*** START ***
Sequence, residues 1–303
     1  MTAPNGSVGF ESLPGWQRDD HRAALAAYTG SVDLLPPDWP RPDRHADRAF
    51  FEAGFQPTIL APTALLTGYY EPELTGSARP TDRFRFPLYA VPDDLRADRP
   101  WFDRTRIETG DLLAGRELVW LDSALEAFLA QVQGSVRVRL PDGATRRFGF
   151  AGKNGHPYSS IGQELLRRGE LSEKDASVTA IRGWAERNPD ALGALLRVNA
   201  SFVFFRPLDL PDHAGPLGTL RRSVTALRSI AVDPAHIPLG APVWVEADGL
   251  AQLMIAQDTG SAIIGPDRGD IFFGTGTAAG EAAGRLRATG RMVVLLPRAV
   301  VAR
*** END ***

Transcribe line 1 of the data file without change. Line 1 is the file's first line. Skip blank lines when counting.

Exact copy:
Sequence, residues 1–303